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Practice Practice Pointer

Group A beta-haemolytic streptococcal infection in children

BMJ 2024; 385 doi: (Published 02 April 2024) Cite this as: BMJ 2024;385:e077561
  1. Marina Morgan, consultant microbiologist1,
  2. Stefanie Shaw, general practitioner2 3,
  3. Tamer Ali, consultant plastic and reconstructive surgeon1,
  4. Yvonne Hodges, general practitioner3 4
  1. 1Royal Devon University Healthcare NHS Foundation Trust, Exeter, UK
  2. 2St Thomas Medical Group, Exeter
  3. 3Patient author (carer of a child with group A beta-haemolytic streptococcal infection)
  4. 4Axminster Medical Practice, Axminster
  1. Correspondence to M Morgan marinamorgan{at}

What you need to know

  • Group A beta-haemolytic streptococcal (GAS) infections, including pharyngitis and more complex invasive infections, can be difficult to diagnose clinically

  • In December 2022, rates of invasive infection in the UK increased substantially, with a high number of children presenting with empyema

  • Suspect invasive infection, including necrotising fasciitis and streptococcal toxic shock-like syndrome, in any child who is unwell and presents with severe or disproportionate pain in the setting of recent varicella zoster virus or GAS infection

A 5 year old girl presents to her GP with a three day history of fever up to 39°C, sore throat, myalgia, headache, lack of appetite, and lethargy. When afebrile, her observations are within normal limits. On examination, both tonsils are red, inflamed, and have exudate. The child’s parents work in healthcare, and have a recent history of sore throats that were not medically treated. A clinical diagnosis of suspected streptococcal pharyngitis is made and a 10 day course of penicillin V prescribed. The child re-presents 48 hours later with persistent fevers and new onset vomiting and diarrhoea. She has managed to take only half of her prescribed doses of penicillin V. On examination, she is tachycardic and has cool peripheries. She has developed a sandpaper rash on her trunk, and her tonsils remain inflamed, with exudate. Her forearm is moderately swollen, and she screams when it is palpated lightly.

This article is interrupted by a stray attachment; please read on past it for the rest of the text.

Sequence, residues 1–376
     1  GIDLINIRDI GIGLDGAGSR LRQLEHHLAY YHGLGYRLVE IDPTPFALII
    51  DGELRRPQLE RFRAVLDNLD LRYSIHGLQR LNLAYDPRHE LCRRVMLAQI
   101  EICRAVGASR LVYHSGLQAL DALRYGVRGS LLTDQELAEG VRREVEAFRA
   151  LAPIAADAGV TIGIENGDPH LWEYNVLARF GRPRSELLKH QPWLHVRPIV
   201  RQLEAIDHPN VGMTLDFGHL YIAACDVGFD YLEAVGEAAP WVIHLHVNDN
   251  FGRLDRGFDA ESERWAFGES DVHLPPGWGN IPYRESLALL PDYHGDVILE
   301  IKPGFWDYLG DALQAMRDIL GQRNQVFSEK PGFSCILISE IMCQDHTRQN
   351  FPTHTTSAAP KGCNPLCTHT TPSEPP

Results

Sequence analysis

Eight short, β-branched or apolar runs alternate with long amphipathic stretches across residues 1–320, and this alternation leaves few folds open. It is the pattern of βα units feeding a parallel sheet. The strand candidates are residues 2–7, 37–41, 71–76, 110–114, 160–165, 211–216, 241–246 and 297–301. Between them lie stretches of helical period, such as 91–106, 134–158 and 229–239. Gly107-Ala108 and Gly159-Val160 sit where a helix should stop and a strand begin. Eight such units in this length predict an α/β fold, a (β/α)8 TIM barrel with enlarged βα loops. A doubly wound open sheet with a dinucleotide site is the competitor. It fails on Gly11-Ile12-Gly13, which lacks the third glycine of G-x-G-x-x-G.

Group A beta-haemolytic streptococci (GAS) are Gram positive bacteria resembling chains (“streptos”) of berries (“kokkus”) that colonise mucus membranes and damaged skin. They are spread by skin contact and respiratory droplets. People of all ages are susceptible, but especially children, pregnant women, and older adults. Invasive GAS (iGAS) refers to when GAS moves from “colonising” skin or mucosal surfaces, reaching normally sterile sites such as blood, cerebrospinal, synovial, or pleural fluids, or deep tissues.

Manifestations …

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